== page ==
3) We still like the bargaining power JCP will have with vendors as it goes about its strategy. Johnson at one point made a comment like "even Gold Toe (Gildan) wants a shop in shop." They also noted that there will be a very large Levi's presence, indicating that VFC's Lee and Wrangler did not make the cut, or play the price cut game required to secure the business. In the end, this is good for JCP. (We still think that the supply chain implications for the rest of the industry are extremely negative).

What we did not like…

1) From the very start of the presentation, management's attitude was surprisingly cagey. They took the few statistics they they were willing to share, such as average spend and conversion, and attempted to twist them around to suggest that comping down 18.9% had some kind of positive read through. Let's face some facts: Comping down 20% and putting up a 28% decline in internet sales when Macy's (M) reported 33% growth in e-tail is just flat-out embarrassing.

2) It would have been so much better for them if Johnson stood up and said "Hey everybody. Let's get right to the heart of the matter. I realized this quarter that the forecastability of near-term customer behavior and competitive response in this business is much harder than what I am accustomed to. I'm pulling guidance accordingly because I don't want our team focused on the wrong metrics. I'm going to quantify for you what deviated from my expectations, what I learned, and how I'm changing it." For a guy with Johnson's level of integrity, this could have taken an otherwise awful quarter and flipped it 180 degrees.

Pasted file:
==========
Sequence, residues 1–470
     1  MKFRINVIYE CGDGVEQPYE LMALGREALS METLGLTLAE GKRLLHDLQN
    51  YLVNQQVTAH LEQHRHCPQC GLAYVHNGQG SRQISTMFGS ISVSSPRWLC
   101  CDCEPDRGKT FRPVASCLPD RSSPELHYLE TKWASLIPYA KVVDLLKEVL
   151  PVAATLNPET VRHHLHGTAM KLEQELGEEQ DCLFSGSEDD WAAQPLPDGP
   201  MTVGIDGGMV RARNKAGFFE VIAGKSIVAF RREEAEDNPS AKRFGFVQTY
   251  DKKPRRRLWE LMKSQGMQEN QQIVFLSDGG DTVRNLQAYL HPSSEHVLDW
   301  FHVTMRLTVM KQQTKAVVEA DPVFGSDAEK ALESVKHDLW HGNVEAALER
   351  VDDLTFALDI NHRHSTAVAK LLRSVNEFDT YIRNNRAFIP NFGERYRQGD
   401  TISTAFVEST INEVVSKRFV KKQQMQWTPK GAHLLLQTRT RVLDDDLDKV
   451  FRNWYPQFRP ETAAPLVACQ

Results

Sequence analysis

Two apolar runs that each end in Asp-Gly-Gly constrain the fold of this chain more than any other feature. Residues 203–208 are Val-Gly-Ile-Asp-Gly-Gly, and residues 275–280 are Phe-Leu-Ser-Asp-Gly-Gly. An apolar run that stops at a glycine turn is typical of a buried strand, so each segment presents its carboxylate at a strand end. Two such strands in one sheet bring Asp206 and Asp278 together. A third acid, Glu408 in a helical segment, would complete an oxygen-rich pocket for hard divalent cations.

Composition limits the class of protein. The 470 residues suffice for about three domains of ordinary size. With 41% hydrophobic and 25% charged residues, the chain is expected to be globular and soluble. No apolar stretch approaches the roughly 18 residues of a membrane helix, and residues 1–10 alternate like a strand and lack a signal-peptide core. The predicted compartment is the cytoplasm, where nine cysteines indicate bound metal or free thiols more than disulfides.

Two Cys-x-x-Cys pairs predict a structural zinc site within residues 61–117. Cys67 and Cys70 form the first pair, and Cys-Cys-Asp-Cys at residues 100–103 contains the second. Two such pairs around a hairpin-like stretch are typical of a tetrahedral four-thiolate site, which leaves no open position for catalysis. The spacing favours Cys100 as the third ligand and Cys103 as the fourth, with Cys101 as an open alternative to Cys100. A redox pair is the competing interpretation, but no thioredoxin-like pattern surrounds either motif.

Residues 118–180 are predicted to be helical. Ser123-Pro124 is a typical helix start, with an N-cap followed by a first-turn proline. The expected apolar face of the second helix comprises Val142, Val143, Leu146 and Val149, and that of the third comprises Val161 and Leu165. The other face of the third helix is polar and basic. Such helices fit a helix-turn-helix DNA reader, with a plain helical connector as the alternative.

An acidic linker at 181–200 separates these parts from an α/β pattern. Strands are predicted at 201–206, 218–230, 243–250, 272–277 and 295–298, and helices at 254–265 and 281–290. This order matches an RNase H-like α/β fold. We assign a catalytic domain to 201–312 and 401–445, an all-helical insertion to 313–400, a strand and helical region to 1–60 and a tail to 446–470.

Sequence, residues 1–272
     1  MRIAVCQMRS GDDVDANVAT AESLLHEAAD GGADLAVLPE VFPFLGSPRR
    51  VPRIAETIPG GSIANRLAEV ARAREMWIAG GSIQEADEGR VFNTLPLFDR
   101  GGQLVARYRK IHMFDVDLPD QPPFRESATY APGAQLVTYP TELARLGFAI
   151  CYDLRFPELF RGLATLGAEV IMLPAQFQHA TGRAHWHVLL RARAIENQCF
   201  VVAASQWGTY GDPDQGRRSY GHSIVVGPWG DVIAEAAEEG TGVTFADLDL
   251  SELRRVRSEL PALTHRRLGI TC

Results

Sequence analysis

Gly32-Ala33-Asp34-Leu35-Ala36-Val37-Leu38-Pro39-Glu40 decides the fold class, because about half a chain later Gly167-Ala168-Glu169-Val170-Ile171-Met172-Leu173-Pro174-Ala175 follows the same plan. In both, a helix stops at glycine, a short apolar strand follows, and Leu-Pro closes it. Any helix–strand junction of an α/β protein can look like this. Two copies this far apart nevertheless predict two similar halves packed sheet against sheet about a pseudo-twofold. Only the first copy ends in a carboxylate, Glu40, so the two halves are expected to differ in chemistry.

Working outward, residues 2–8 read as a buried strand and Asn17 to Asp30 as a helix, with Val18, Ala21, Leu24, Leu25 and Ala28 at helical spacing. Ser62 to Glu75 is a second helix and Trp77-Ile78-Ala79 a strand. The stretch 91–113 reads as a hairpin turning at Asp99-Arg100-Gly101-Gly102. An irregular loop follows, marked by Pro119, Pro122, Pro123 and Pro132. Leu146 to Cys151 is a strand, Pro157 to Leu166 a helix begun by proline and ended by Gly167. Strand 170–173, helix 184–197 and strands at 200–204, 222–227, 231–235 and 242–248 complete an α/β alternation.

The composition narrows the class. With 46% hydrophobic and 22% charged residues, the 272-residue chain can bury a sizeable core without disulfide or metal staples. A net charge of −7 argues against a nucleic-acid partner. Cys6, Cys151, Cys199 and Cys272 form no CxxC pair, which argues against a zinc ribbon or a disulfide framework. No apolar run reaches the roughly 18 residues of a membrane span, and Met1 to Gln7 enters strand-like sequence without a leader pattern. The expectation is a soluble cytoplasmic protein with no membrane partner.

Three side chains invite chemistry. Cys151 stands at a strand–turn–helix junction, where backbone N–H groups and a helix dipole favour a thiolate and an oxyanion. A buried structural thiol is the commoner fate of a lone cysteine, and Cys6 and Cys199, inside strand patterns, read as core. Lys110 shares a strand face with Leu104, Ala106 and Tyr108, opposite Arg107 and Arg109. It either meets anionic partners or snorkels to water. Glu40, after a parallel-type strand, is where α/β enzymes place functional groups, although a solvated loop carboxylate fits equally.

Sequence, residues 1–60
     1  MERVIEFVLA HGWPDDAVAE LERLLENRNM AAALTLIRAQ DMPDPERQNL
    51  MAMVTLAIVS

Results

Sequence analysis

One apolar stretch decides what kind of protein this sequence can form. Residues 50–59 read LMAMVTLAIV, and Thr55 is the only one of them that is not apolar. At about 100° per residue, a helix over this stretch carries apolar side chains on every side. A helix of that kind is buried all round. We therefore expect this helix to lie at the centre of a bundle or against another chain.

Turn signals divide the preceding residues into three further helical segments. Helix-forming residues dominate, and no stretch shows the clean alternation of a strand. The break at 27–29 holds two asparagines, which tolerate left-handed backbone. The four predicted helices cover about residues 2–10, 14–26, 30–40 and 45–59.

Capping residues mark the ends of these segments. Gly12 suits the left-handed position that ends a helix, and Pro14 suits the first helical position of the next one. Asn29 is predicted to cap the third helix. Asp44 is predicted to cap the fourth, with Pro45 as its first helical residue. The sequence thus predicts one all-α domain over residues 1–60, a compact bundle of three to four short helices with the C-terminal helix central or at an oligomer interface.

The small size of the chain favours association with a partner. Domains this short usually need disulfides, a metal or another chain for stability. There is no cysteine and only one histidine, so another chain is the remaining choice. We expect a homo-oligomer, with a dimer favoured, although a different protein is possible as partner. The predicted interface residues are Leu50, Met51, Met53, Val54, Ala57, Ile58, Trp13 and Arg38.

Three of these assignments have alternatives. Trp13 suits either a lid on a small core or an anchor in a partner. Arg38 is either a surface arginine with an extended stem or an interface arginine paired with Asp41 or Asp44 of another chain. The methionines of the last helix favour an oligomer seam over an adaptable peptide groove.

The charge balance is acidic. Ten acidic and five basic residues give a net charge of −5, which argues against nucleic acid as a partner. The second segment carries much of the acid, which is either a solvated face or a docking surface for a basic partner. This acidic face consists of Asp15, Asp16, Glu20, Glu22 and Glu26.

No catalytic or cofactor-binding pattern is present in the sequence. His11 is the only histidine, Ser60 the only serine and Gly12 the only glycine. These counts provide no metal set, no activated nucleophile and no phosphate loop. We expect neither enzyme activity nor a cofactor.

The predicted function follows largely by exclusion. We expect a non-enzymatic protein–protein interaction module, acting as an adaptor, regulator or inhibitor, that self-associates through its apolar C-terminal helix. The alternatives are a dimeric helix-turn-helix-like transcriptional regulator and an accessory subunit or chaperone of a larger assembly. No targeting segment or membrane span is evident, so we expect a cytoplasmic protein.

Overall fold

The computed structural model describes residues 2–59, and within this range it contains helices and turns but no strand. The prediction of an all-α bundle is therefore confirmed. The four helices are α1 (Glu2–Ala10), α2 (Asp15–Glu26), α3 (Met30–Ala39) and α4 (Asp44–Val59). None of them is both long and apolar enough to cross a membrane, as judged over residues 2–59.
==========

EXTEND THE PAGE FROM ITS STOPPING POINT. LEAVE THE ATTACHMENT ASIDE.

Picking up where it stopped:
3) Though we like the store concept in theory as noted above, we have major concerns about execution, capital investment needed to achieve the goals, and the duration mismatch between Johnson and other investors (he gets paid in 6 ½ years when his warrants vest – few investors have that luxury).

4) The company identified additional cost saves – we're guessing about another $50 million above the previously stated $900 million run rate JCP should achieve by year end (they indicated north of just $10-$20mm). Mind you, this means that it could get to this run rate on Jan 31, and would be a fiscal 2014 earnings event. Nonetheless, when a company puts up one of the most miserable top lines in recent memory, we rarely want to see Retail Austerity to sustain earnings. Management probably reads a statement like this and says 'c'mon Wall Street…you want earnings and now you tell me not to cut costs?'  Our answer is "Yes. Some people want earnings via cost-cuts today, and they could care less about tomorrow. We'd rather you invest today and crush Kohl's (KSS) and Macy's tomorrow."